This book not quite what I’d imagined it would be but it’s a good, solid book.

Here are some better reviews than mine:

Author O’Hanlon, Redmond, 1947-
Title Trawler / Redmond O’Hanlon.
Publication Info. New York : Vintage Books, 2006..
Edition 1st Vintage Departures ed.
Description 339 p., [8] p. of plates : ill., map ; 21 cm.

Book Review: Middlesex by Jeffrey Eugenides

I’ve been wanting to read Middlesex (2002) by Jeffrey Eugenides since its release six years ago.  The title attracted me because I then lived in Middlesex County, but this book is not set in Massachusetts but in Michigan.  And the Middlesex of the title refers to the address of the narrator/protagonist Calliope “Cal” Stephanides’ childhood home and more wistfully to the fact that Cal is an intersexed person.  Cal was raised as a girl due to the outward appearance of femininity because of 5-alpha reductase deficiency only to discover his real biological sex as a teenager.

As a memoir-style, Eugenides’ narrative goes back further than “I was born” and traces the life of Cal’s genes back three generations.  Using a unique “first-person omniscient” narrative voice, Cal tells of her grandparents’ incestuos relationship, escape war-torn Turkey, and settlement in Prohibition-Era Detroit.  Next, there’s the story of Cal’s parents, first cousins, and their unlikely romance.  Finally  there’s Calliope’s own story.  The result is an epic, multigenerational tale of an eccentric and oddly endearing Greek-American family whose fates closesly mirror the city of Detroit.  In this novel are recounted the Burning of Smyrna and the Detroit Riots of 1968, the birth of the Nation of Islam and the pursuit of the American dream.

I enjoyed this novel immensely, the narrative voice very engaging and amusing, especially as read by Kristoffer Tabori.

Author Eugenides, Jeffrey.
Title Middlesex [sound recording] / Jeffrey Eugenides.
Publication Info. New York, NY : Audio Renaissance, p2002.
Edition Unabridged.
Description 17 sound discs (ca. 21 hrs.) : digital ; 4 3/4 in.

Book Review: Where’s my jetpack? : a guide to the amazing science fiction future that never arrived by Daniel H. Wilson

We live in the 21st-Century, that magical century heralded in the past century as The Future, yet The Future has been somewhat disappointing. Where’s my jetpack? : a guide to the amazing science fiction future that never arrived (2007) by Daniel H. Wilson recounts all the great inventions promised to an eager public by science fiction, comic books, World’s Fairs, and documentaries that seemingly have never come to pass.  Wilson goes through several of these fantastic devices and describes what advances have actually been made and tells how several of them actually exist.  Albeit in less than fantastic guises or far to expensive/exclusive for the general populace.  Here are some of my favorites:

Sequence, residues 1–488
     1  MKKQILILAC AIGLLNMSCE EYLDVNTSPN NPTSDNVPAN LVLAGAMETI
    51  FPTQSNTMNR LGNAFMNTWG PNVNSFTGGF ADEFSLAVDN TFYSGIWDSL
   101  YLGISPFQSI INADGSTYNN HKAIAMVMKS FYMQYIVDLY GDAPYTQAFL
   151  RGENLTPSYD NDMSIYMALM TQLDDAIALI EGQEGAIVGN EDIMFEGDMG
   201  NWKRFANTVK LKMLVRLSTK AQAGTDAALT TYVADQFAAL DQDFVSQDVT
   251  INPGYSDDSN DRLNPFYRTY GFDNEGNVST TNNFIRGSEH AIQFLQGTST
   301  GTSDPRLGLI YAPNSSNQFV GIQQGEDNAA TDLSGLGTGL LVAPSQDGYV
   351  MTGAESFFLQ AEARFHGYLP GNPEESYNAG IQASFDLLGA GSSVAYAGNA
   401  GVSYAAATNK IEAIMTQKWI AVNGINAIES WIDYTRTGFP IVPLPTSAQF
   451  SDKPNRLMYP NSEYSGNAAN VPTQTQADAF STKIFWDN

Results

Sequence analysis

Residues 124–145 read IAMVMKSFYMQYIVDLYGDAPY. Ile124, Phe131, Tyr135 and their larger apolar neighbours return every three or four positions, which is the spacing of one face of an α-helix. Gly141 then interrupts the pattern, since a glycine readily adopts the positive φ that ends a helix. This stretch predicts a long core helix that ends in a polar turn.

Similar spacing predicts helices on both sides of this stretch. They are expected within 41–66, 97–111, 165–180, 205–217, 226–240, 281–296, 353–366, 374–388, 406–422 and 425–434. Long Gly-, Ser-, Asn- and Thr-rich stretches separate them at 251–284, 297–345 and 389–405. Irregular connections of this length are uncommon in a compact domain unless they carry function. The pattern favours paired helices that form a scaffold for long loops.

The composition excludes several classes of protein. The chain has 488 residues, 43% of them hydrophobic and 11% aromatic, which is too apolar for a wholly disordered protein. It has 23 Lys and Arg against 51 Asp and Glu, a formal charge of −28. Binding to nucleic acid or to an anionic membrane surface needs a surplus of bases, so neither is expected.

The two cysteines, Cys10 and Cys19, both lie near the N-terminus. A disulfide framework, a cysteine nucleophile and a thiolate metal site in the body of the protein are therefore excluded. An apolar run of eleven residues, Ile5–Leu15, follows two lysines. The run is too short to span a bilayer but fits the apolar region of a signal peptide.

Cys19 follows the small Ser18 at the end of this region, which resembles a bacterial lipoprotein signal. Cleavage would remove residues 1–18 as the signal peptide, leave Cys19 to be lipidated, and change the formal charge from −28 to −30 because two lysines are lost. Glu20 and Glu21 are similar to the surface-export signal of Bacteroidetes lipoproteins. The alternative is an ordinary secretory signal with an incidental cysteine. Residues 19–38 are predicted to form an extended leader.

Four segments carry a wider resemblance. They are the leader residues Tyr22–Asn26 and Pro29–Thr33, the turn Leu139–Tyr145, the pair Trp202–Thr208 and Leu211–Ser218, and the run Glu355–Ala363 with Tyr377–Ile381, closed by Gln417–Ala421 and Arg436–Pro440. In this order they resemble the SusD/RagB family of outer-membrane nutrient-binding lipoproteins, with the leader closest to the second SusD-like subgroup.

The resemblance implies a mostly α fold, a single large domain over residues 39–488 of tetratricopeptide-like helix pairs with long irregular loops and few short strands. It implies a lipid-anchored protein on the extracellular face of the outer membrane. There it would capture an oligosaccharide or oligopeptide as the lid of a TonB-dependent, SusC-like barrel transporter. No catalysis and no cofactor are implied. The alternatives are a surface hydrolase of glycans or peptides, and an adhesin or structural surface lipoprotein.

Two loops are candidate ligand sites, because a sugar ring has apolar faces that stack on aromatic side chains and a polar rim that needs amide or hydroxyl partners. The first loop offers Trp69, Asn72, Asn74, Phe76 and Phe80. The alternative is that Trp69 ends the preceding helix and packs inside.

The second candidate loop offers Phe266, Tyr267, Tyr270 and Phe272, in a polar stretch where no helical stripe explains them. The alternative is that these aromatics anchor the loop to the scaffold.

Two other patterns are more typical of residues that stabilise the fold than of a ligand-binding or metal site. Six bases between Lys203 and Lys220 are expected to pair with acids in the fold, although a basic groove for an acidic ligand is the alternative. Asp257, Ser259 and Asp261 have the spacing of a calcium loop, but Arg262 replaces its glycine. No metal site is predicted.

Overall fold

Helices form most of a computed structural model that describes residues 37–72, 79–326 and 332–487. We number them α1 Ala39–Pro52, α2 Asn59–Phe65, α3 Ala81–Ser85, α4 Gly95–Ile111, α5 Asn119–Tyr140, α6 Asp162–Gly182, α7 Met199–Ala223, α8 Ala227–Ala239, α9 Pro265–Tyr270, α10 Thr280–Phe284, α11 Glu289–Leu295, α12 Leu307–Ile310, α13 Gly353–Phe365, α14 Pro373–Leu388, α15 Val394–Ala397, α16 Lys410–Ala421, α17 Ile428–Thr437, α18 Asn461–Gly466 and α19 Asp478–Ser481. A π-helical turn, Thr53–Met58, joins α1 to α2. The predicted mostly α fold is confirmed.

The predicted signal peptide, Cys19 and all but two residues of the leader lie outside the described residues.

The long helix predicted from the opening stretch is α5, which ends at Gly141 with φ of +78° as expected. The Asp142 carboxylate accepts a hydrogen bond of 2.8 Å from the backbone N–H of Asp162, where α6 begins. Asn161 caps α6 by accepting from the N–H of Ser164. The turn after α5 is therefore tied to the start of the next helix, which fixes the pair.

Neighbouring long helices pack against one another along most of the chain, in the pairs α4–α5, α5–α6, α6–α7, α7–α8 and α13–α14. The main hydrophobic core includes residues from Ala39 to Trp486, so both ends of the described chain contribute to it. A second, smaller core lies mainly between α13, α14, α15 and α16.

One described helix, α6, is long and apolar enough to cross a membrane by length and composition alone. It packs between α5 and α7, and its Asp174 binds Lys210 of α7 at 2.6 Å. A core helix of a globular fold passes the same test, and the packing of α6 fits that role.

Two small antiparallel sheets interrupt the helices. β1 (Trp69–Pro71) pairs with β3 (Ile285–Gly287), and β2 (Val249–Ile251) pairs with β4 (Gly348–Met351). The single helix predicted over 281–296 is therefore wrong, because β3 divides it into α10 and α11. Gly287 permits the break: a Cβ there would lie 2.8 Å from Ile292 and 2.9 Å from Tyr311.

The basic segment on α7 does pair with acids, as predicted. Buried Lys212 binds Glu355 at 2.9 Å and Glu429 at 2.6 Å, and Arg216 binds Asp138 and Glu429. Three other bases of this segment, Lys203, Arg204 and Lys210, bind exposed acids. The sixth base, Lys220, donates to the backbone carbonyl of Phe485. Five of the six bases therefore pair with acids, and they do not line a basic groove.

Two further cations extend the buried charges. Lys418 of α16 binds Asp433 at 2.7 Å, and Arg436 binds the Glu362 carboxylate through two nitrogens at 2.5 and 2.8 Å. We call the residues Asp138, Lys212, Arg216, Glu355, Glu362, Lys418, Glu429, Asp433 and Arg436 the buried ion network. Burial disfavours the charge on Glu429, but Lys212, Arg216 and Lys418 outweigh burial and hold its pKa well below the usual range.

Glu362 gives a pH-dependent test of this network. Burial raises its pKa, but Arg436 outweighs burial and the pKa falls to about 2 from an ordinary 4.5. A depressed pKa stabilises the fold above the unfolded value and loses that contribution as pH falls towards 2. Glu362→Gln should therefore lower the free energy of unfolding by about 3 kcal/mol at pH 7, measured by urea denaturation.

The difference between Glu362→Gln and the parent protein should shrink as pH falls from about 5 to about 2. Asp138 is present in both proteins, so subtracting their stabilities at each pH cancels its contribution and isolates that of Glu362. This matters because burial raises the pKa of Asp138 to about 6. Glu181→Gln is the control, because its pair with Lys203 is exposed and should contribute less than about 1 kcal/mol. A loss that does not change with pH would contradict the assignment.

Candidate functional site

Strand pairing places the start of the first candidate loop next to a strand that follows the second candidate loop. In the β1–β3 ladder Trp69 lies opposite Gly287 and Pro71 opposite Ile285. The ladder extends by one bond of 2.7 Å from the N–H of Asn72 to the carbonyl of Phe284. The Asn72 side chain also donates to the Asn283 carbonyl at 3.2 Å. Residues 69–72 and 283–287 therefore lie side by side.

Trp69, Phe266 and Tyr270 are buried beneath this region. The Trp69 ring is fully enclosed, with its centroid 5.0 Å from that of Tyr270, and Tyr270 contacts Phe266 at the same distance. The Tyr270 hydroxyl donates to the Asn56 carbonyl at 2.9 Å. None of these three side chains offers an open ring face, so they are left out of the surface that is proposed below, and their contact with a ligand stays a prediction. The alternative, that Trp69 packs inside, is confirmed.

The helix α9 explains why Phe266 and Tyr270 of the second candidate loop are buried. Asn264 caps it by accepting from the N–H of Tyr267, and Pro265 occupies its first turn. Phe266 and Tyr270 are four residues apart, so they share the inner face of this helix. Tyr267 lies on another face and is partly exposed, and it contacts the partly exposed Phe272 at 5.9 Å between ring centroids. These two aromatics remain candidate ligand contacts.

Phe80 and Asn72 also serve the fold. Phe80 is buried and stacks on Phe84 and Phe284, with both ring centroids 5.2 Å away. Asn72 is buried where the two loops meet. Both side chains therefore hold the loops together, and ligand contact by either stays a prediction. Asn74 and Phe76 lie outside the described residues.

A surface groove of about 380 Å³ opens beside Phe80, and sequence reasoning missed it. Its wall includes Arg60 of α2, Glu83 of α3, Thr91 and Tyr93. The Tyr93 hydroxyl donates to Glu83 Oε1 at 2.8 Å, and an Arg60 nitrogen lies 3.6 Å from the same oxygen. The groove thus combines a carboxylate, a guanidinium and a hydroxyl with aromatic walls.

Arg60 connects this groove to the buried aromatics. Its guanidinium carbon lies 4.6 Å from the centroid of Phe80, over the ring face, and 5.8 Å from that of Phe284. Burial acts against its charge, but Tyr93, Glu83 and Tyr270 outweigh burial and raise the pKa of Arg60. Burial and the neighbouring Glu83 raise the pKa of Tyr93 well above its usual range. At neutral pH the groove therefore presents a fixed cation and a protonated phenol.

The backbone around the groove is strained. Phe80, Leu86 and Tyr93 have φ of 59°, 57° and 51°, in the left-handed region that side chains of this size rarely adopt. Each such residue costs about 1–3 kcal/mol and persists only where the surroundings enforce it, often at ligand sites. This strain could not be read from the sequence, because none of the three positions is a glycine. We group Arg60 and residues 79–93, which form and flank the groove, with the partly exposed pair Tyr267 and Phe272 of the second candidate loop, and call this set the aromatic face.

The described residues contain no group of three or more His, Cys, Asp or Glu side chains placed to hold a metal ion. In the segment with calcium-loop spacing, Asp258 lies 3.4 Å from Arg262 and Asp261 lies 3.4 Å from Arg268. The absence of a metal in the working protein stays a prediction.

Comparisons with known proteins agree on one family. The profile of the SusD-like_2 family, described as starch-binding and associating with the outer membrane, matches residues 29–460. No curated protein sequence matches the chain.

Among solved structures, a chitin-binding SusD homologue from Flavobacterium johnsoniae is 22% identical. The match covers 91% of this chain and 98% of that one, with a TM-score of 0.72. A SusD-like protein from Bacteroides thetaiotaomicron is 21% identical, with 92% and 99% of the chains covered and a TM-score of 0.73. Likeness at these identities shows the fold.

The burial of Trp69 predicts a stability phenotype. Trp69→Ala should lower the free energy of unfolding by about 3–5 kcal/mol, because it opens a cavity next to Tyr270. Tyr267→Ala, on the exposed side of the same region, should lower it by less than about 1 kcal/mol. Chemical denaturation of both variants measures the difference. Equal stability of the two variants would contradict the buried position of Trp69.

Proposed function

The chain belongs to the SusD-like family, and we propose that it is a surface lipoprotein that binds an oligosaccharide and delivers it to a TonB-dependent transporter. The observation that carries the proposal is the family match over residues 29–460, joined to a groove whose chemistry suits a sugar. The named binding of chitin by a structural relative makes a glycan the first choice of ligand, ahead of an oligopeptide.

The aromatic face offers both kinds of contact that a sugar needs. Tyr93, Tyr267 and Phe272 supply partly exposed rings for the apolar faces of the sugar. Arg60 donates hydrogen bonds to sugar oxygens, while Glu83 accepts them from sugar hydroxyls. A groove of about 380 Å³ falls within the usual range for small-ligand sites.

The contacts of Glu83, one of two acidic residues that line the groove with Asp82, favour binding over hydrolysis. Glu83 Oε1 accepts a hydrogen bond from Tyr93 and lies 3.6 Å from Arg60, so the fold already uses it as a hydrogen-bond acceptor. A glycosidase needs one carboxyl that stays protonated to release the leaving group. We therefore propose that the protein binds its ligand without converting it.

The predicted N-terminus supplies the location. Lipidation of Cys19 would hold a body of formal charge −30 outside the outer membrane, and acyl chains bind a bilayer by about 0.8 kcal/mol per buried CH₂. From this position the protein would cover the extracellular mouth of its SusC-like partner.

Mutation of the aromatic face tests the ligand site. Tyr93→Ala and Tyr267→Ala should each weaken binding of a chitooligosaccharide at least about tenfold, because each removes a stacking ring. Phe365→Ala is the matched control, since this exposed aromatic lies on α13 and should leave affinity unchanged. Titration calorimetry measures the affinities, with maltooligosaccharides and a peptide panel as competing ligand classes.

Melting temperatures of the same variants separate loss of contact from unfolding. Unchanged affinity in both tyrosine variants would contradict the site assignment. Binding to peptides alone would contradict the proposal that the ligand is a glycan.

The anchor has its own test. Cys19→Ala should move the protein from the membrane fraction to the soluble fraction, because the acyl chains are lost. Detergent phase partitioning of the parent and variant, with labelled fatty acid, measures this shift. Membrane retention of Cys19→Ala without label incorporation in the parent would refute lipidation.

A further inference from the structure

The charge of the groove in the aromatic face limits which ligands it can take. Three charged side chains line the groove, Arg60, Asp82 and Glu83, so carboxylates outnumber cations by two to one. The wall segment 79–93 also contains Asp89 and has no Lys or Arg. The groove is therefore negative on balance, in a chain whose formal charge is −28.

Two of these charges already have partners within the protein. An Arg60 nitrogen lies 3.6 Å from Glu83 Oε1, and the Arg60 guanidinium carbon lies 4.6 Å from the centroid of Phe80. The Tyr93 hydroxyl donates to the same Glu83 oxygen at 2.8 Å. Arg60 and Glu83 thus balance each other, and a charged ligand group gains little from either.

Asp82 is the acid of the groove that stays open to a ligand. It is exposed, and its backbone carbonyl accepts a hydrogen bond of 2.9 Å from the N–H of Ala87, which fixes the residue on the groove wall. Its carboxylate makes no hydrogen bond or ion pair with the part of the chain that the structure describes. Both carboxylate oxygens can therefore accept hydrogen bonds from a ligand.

• The jetpack, which works, just not for very long due to fuel limitations.
  • The zeppelin which once sailed elegantly through the sky until the Hindenberg disaster, but may be making a return.
  • Teleportation which is possible with particles if not with human beings.
  • Underwater hotels: one exists but it’s not very luxurious.  More luxurious hotels are in the works.
  • Anti-Sleeping pills are available under the brand name Provigil (I’m tempted to get a prescription).
  • The Space Elevator is theoretically possible and Wilson suggests we submit our plans to the Spaceward Foundation and win a prize (Hey, there’s a space elevator blog too!).
  • And a Moon Colony?  It’s in the works!

This is a fun little book with a good mix of science and humor that will appeal to anyone’s inner geek.

Author Wilson, Daniel H. (Daniel Howard), 1978-
Title Where’s my jetpack? : a guide to the amazing science fiction future that never arrived / Daniel H. Wilson ; illustrated by Richard Horne.
Publication Info. New York : Bloomsbury USA : Distributed to the trade by Holtzbrinck Publishers, c2007.
Edition 1st U.S. ed.
Description 192 p. : ill. ; 20 cm.

Book Review: The Astonishing Life of Octavian Nothing, Traitor to the Nation. Volume II: The Kingdom on the Waves by M.T. Anderson

The Astonishing Life of Octavian Nothing, Traitor to the Nation. Volume II: The Kingdom on the Waves (2008) by M.T. Anderson continues and completes the young adult Revolutionary War saga.  I read the first volume, The Pox Party, earlier this year and it was by far one of my favorite books of the year so far.  This volume picks up with Octavian escaping a death sentence and with his tutor Dr. Trefusis make it into besieged Boston.  There he is a violinist performing to entertain the British regulars.  Octavian yearns for something more and answers the call of Virginia governor Lord Dunmore who has created a Royal Ethiopian regiment for slaves of rebellious masters willing to take up arms to put down the rebellion in exchange for their freedom.

The majority of the book is in the form of Octavian’s diary (interspersed with a few letters written by other actors in this drama).  He describes the hope and optimism of slaves gaining freedom and learning to fight.  His reunion and developing relationship with the older, wiser slave Pro Bono. He tells the stories of his fellow slaves and how they made their escape.  He describes in grim detail the loss of Norfolk and the plague of smallpox the decimates the regiment.  Eventually Octavian’s spirit is all but crushed and he comes to the conclusion that Dunmore has no desire to free slaves other than for tactical purposes.

I have to admit that this book dragged at times.  There was too much verisimilitude in a day-to-day diary of the mundane life of a foot soldier.  I also admit that with the reality of Octavian’s life already established in the previous volume that it loses the unique science fiction edge and reads more like a straight-forward historical novel.  The novel does follow real historical events and recreates them in an admirable way.  Yet, and it may just be due to flashbacks of working at Colonial Williamsburg, I had trouble getting into this book.  If you enjoyed the first volume as I did, I would definitely recommend completing Octavian’s story.

Author Anderson, M. T.
Title The astonishing life of Octavian Nothing, traitor to the nation. v. #2 The kingdom on the waves / taken from accounts by his own hand and other sundry sources ; collected by M.T. Anderson of Boston.
Publication Info. Cambridge, Mass. : Candlewick Press, 2008.
Edition 1st ed.
Description 561 p. : maps ; 24 cm.